Forget about asking your spouse to pick up the milk on the way home from work.
Walmart will now do it for you – along with an employee to place the groceries in your refrigerator when you’re not at home.
The nation’s largest grocer said Friday that it will be offering the service this fall for more than one million customers in Pittsburgh, Kansas City, Missouri and Vero Beach, Florida.
The service, called InHome Delivery, will also accept returns for items purchased on Walmart.com.
“Now, we can serve customers not in just the last mile, but in the last 15 feet,” wrote Marc Lore, CEO of Walmart’s U.S. e-commerce division, in a corporate blog post.
Here’s how the service works: Customers place a delivery order online, then choose the InHome delivery option and a date for the order to be delivered at checkout.
Walmart workers will then use smart entry tech, along with a wearable camera, in order to enter the customer’s home. Customers will be able to view the delivery remotely.
Employees will reportedly endure a lengthy training program, which covers everything from how to pick out the best groceries to how to organize them in the fridge.
The new service is part of Walmart’s drive to expand its shopping options that include curbside pickup, online grocery and next day delivery. The move comes amid heightened competition for home delivery services.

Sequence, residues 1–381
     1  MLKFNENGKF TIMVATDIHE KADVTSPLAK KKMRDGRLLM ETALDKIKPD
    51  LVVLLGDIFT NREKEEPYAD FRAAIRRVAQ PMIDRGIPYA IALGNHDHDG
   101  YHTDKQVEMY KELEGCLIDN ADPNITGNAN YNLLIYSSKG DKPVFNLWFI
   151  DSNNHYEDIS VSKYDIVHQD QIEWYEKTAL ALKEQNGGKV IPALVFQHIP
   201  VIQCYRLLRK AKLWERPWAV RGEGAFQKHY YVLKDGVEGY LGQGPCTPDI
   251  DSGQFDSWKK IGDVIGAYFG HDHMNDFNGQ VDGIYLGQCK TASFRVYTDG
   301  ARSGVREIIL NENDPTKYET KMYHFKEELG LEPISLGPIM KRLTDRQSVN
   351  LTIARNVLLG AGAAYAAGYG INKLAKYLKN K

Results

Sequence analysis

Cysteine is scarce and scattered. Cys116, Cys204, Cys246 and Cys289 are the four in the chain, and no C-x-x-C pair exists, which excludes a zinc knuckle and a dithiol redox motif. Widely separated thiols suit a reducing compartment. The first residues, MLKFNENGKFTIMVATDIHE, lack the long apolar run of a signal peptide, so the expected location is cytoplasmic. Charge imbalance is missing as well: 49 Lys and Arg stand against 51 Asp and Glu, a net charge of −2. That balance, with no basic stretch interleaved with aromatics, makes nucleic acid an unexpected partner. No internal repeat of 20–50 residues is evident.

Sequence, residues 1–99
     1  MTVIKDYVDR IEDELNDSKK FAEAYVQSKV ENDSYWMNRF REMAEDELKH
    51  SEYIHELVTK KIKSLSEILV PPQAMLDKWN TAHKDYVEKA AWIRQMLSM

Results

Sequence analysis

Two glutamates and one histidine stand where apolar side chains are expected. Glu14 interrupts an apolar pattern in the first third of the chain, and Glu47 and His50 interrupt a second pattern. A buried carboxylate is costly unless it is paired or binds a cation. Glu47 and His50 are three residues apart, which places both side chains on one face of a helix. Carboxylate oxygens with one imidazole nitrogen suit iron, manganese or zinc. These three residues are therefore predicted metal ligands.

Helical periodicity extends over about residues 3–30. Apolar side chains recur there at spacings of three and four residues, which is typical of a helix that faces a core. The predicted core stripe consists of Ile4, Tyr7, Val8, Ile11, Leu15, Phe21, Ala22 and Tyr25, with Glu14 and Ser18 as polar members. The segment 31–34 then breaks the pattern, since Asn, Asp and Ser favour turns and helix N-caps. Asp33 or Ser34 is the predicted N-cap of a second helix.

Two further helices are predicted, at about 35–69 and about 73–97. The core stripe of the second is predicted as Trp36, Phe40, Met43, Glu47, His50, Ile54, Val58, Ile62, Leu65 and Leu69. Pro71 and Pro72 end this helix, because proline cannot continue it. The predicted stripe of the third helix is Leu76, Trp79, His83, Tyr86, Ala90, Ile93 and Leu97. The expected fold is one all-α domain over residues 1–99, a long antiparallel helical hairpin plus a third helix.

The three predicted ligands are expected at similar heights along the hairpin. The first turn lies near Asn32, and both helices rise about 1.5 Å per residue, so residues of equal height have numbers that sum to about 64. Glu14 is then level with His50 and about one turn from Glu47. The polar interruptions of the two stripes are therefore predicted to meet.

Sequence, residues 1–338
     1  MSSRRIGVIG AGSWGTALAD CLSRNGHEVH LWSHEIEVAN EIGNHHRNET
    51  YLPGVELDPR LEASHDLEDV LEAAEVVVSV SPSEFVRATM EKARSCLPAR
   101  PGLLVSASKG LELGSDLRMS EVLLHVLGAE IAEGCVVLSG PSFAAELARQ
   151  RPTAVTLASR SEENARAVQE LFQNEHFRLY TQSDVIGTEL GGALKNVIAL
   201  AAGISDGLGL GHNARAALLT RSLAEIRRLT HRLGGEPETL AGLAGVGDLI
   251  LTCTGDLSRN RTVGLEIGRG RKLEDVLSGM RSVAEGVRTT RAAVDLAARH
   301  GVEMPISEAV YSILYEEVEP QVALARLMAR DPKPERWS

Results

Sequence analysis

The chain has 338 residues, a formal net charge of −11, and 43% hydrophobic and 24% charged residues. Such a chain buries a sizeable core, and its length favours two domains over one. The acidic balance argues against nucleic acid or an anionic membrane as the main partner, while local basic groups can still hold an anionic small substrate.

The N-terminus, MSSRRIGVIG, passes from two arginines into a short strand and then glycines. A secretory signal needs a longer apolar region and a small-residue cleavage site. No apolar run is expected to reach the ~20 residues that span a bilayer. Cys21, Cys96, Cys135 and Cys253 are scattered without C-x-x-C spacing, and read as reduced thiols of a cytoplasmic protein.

Amazon offers a similar service in certain cities, dropping off packages inside homes, garages or car trunks but the service is not for groceries. Earlier this week, Amazon announced that its “Prime Air” would begin delivering packages via drones “within months.”
The announcement of InHome Delivery comes amid a debate over the federal minimum wage, with the spotlight on what Walmart pays its employees. On Thursday, the company said it would be giving $24 million to stores and distribution centers to invest in local community causes.
The exact charge for Walmart’s new service was not immediately released. The company said it would share more details ahead of the planned fall launch.
Fox Business' Joe Williams and The Associated Press contributed to this report.